Perspectives from a Junior Investigator in the Kidney Precision Medicine Project

  • 1 Laura H. Mariani, MD, is an assistant professor of medicine at the University of Michigan, Ann Arbor, Michigan.
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Laura H. Mariani

Citation: Kidney News 11, 3

“The future belongs to those who believe in the beauty of their dreams.”

— Eleanor Roosevelt

Working with the Kidney Precision Medicine Project (KPMP) consortium as a junior investigator is a tremendous opportunity for me, with tangible training experiences and many more intangible moments for professional growth and creativity.

Certainly, the tangible training experiences are exceptional, and the KPMP consortium has not only allowed, but encouraged, contributions from junior investigators, allowing us to learn best by doing. In particular, each research team from a recruitment site interpreted the request for application independently and proposed an approach relevant to their own institutions to recruit patients with either chronic kidney disease or acute kidney injury for a kidney biopsy to be used for research. But as the recruitment sites were assembled and became a single KPMP research team, the protocols were harmonized and transformed to a shared approach, accommodating differences in institutions and patient populations along with the needs of the tissue interrogation sites.

I learned the true value of multidisciplinary perspectives to accomplish this task and other tasks of a large consortium. The products are made infinitely better by the inclusion of perspectives from patients, clinicians, study coordinators, clinician and basic scientists, programmers, biostatisticians, ethicists, and, perhaps most important, project managers to keep everyone on task.

And then, to be able to participate in translating a protocol into the nuts-and-bolts tools necessary to launch a multisite study is the sort of invaluable training experience provided to KPMP junior investigators. There is no better way to really understand a study than to help write the manual of procedures, draft questions on case report forms, sit with a programmer building the data collection system, or train a study coordinator. This process of iterative improvement, listening to unique perspectives, and creativity to address barriers and compromise applies to scientific tasks well beyond protocol development to study execution, data generation, interpretation, and communication.

These tangible training experiences occur simultaneously with the intangible experiences. Principally, the consortium expands the pool of mentors and collaborators just by the number and diversity of the KPMP scientific team.

KPMP supports a travel award program for trainees and junior faculty to attend the in-person investigators’ meetings and bring their work to a poster session. As junior investigators, we often work on projects in very small groups at our home institutions. To be able to discuss not only individual projects but also ideas, hypotheses, data sources, and approaches with investigators beyond our home institutions is instrumental in expanding our scientific training and resources. This exchange happens at the poster sessions and also in the main meeting and during working group calls in between. To listen to scientists with different approaches and training share data and ideas, but also, and perhaps more valuably, critiques, limitations, and suggested alternatives truly broadens my tools and scientific knowledge. Not unlike pursuing clinical training in more than one institution wherein you learn that there are multiple ways to practice high-quality clinical medicine, KPMP fosters a community of mentors and trainees who teach one another the value and limitations of a much-expanded number of approaches.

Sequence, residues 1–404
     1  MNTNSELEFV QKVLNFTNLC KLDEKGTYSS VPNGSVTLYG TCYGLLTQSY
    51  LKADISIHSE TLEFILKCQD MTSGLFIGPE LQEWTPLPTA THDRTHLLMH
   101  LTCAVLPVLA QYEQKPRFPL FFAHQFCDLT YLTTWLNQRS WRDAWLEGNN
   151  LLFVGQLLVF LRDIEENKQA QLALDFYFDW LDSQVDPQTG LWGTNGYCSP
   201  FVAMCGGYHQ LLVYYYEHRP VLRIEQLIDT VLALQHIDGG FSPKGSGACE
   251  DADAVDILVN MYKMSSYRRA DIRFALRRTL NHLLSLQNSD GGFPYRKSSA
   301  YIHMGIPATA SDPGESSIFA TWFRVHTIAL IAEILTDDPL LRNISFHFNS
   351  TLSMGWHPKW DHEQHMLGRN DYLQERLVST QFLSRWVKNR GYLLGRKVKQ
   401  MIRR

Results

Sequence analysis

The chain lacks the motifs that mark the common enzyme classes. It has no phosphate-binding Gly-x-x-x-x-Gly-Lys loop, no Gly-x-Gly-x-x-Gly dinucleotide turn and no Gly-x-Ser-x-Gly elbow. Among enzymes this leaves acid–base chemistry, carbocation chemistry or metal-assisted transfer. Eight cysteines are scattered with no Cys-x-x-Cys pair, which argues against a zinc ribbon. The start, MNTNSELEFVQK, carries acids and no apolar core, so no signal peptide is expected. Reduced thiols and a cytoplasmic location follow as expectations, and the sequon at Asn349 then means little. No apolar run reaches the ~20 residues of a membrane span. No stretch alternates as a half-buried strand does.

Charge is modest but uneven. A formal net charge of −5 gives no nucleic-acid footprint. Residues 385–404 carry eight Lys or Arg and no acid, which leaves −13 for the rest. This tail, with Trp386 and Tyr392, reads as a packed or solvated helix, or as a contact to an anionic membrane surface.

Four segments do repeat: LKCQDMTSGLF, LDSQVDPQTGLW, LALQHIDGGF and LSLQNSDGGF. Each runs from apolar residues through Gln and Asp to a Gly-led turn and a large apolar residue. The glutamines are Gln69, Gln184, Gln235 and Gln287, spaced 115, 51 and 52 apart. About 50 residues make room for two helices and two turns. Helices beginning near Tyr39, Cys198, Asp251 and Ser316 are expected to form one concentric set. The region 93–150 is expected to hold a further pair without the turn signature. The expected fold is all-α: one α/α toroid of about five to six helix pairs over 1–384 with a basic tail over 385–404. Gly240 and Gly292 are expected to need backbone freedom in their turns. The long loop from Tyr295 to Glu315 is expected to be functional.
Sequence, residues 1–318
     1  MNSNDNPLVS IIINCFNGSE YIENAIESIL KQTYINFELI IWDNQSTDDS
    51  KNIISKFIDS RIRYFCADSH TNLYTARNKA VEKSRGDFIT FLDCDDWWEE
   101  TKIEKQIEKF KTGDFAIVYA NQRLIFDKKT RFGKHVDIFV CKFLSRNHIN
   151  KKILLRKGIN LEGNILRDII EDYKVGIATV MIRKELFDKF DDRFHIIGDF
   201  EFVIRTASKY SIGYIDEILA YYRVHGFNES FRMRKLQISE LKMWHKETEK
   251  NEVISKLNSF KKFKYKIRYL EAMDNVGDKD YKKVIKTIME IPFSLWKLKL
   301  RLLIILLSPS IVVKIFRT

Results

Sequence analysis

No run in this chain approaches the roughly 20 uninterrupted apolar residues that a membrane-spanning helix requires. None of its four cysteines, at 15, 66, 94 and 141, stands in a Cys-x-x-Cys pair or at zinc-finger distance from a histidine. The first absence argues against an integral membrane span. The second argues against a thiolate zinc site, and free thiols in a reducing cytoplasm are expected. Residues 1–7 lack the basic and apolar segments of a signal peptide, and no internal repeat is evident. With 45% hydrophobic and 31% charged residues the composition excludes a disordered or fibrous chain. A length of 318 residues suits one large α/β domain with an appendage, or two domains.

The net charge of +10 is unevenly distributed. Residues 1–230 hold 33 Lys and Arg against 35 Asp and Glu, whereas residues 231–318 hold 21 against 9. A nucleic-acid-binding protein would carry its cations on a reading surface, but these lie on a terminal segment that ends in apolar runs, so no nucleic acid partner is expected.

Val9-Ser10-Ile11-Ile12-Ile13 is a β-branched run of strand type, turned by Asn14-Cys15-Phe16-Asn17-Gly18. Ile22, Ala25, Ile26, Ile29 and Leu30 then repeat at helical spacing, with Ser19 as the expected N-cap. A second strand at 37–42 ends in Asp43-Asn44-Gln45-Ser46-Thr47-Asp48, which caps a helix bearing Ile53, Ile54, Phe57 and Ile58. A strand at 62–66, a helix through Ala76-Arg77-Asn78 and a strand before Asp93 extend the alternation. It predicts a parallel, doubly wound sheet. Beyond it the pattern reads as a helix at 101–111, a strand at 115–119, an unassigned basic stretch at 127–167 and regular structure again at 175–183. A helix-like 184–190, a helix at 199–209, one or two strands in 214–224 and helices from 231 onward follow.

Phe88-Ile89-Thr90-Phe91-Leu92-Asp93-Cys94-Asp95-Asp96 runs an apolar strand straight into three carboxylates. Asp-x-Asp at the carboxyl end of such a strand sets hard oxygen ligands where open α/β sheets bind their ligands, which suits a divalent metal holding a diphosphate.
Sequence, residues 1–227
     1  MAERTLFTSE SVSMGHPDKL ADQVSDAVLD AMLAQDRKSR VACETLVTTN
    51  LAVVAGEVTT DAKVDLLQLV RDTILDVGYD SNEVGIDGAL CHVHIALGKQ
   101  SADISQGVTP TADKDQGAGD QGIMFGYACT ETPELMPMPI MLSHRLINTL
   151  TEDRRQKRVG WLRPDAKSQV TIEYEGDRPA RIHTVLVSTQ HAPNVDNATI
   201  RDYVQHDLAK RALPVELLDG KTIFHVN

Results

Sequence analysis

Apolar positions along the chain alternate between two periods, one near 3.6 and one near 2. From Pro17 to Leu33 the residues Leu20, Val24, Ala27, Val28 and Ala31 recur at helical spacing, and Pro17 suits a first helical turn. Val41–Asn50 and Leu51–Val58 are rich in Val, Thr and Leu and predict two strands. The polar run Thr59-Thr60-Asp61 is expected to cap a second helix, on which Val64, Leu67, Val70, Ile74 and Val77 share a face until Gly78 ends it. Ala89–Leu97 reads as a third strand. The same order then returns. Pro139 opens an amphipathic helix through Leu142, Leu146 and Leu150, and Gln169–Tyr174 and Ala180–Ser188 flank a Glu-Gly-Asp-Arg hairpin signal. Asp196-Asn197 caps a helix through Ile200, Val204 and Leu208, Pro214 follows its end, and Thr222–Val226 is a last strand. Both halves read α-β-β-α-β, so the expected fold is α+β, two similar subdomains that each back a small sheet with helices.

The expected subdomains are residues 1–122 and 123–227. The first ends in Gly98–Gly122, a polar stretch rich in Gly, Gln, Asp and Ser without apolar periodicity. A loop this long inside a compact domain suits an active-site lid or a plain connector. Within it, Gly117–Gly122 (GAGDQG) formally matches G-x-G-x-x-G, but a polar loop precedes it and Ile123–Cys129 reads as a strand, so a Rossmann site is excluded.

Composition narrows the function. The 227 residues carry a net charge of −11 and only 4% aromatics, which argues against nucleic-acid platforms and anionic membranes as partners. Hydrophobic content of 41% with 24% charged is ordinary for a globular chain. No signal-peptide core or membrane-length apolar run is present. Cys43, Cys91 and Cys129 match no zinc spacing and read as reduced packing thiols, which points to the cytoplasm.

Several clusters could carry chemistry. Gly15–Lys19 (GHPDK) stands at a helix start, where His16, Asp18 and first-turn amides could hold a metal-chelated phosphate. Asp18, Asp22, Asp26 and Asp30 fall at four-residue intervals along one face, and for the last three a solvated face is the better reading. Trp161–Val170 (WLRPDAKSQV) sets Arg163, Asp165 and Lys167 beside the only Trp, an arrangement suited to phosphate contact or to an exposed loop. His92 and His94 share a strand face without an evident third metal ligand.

The fundamental overarching benefit of being a junior investigator in KPMP is the pursuit of a beautiful dream: to leverage the explosion of high-dimensional data generation, tissue image analysis, machine learning, and bioinformatics analyses to answer fundamental questions about some of the most common kidney conditions: diabetic and hypertensive CKD and AKI. Not only do we describe these conditions and their presentations but we build a resource based on human tissue, which can be used by the entire nephrology community to transform our clinical practice and allow us to answer the most basic questions asked by our patients: 1) What disease do I have? 2) What will happen to me? And 3) What can you do about it?

The KPMP embraces this goal by committing to truly open science by building the kidney tissue atlas, which will make the data, so generously provided by participants, readily available and accessible to researchers outside of KPMP and also to patients and clinicians to tackle these fundamental questions.

When I read the personal statements of nephrology fellowship applicants, I am reminded of the enthusiasm that nephrology can inspire as applicants describe their satisfaction in grasping renal physiology, the devastation at watching kidney failure in their patients, and their awe of the importance of the healthy kidney to other organ systems. KPMP captures that enthusiasm by bringing together investigators who want to tackle big questions by working collaboratively and openly. That enthusiasm is infectious.

It is easy to believe in the big dream that the conversations I have with my patients now will be vastly different in the future as we discuss the best medication, out of many choices, to protect their kidneys from injury, speed recovery, and prevent progression to kidney failure.